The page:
You can change your name at any time provided you are over the age of 18 and do not intend to defraud or deceive another person.

There are a number of reasons why you may wish to change your name, due to marriage, separation or divorce.  

There is no legal procedure required to change your name. However, generally you may be required to provide written evidence to show that you have changed your name, for example, when you are opening a bank account or applying for a passport.

The usual methods are by a statutory declaration or deed poll.

 

For a statutory declaration, our fixed fee is £60, plus VAT.

Changing a Child’s Name

 

This requires the consent of all persons who have parental responsibility for your child.  If the consent of the other parent or person who has parental responsibility has not been given then an application can be made to the Court for a specific issue order.

 

For a child’s name change, if all parties are in agreement, our fixed fee is £60 plus VAT.

Book A Consultation

Phone

020 8966 1299

Email

mail@sclaw.co.uk

Or fill out the form

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Contact

Phone

020 8966 1299

Email

mail@sclaw.co.uk

Address

192 Whittington Way
Pinner
Middlesex
HA5 5JY

Authorised and Regulated by the Solicitors Regulation Authority: SRA Number 518688 SC Law is a trading name of SC Law Solicitors Limited. Registered in England and Wales.

Company number 06860473.

COMPLAINTS PROCEDURE

We want to give you the best possible service.  However, if at any point you become concerned about the service we have provided, then you should inform us immediately, so that we can do our best to resolve the issue.

Procedure:
We will acknowledge your complaint within 2 working days and investigate straightforward matters within 7 working days.  If we consider that it may take longer than 7 working days to investigate, we will advise you of the likely timescales of when you can expect our final assessment.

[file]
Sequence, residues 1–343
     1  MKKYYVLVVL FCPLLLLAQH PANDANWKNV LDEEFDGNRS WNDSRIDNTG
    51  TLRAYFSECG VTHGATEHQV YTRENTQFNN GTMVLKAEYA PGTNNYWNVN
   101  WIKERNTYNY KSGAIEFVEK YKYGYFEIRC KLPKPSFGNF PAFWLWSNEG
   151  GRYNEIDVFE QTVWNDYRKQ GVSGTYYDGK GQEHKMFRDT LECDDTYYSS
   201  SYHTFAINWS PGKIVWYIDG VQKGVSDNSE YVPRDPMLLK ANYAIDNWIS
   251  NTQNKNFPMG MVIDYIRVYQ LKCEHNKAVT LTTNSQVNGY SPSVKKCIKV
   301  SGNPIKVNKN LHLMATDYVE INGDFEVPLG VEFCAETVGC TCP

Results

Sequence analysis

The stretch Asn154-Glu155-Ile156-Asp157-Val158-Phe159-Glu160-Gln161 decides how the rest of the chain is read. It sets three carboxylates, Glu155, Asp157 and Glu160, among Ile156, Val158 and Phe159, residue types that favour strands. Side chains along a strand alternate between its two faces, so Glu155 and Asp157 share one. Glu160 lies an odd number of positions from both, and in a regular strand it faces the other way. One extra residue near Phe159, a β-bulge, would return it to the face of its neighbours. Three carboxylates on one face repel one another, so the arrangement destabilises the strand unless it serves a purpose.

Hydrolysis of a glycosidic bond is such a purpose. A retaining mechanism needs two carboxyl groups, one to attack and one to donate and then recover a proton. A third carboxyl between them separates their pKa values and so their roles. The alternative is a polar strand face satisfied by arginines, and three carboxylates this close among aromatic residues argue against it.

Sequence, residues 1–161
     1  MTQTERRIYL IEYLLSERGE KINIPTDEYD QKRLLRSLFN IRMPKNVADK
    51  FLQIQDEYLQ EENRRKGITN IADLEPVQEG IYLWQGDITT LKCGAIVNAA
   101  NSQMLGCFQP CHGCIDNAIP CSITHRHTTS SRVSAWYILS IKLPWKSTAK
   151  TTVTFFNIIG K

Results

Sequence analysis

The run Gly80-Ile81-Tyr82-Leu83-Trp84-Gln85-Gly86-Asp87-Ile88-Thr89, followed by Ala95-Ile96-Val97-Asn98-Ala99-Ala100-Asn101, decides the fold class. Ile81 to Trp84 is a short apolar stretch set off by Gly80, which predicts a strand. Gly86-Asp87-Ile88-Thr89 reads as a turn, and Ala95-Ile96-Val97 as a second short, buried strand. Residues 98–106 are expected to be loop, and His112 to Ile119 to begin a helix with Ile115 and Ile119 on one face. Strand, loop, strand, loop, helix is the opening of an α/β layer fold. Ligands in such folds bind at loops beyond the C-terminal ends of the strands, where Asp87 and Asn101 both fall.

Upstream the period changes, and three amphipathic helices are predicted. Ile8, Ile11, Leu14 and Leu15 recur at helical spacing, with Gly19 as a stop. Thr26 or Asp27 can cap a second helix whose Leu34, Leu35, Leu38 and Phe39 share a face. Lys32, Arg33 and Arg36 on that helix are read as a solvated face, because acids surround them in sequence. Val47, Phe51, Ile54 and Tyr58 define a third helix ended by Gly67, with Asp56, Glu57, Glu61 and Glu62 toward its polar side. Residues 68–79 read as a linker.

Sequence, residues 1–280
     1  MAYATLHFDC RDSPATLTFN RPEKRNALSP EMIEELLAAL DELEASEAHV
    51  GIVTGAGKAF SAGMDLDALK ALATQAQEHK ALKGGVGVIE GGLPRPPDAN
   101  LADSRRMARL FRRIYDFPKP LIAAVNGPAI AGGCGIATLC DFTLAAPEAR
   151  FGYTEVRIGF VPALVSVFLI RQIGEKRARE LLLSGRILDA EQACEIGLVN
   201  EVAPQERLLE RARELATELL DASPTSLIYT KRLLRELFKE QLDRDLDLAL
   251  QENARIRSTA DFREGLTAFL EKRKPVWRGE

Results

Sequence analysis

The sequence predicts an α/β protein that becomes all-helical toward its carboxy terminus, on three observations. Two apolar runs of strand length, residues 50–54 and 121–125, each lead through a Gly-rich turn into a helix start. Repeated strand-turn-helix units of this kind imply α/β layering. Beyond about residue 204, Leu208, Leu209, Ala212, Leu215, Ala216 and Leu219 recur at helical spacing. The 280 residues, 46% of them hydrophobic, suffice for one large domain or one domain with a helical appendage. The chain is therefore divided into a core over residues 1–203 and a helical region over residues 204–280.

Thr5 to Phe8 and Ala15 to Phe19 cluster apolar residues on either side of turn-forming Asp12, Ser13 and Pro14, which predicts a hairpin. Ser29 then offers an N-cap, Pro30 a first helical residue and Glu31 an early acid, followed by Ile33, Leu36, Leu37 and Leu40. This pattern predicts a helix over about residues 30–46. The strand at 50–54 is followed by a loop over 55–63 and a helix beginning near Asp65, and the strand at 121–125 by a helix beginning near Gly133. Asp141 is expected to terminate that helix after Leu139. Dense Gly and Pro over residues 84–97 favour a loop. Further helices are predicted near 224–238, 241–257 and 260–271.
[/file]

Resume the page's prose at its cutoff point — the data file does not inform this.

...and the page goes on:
In the first instance it may be helpful to contact the person who is working on your case to discuss your concerns and we will do our best to resolve any issues.  If you are still not satisfied you should address your concerns directly to the Principal Saffora Choudri or Ian-Austen Jones, who is another senior solicitor at the firm.  The Solicitors Regulation Authority (SRA) require that a client gives us 8 weeks in which to deal with the complaint.

Making a complaint will not affect how we handle your case.  Your complaint will be investigated fully and fairly by someone independent, such as another senior lawyer not related to the case, who will offer a suitable solution where possible.

What to do if we cannot resolve your complaint:
In the first instance please let us know if you are willing for an independent law firm or the local Law Society Group to review your complaint.

Alternatively, the Legal Ombudsman can help you if we are unable to resolve your complaint ourselves.  They will look at your complaint independently and it will not affect how we handle your case.

Before accepting a complaint for investigation, the Legal Ombudsman will check that you have tried to resolve your complaint with us first.  If you have, then you must take your complaint to the Legal Ombudsman:

• Within six months of receiving a final response to your complaint; and
• No more than six years from the date of the act/omission; or
• No more than three years from when you should reasonably have known there was cause for complaint.

If you would like more information about the Legal Ombudsman, please contact them directly, using the contact information below:

Visit: www.legalombudsman.org.uk
Call: 0300 555 0333 between 9.00 to 17.00.
Email: enquiries@legalombudsman.org.uk
Legal Ombudsman PO Box 6806, Wolverhampton, WV1 9WJ

If you are unhappy with our behaviour:
The SRA can help if you are concerned about our behaviour.  This could be for things like dishonesty, taking or losing your money or treating you unfairly because of your age, a disability or other characteristic.

Visit their website to see how you can raise your concerns with the Solicitors Regulation Authority.​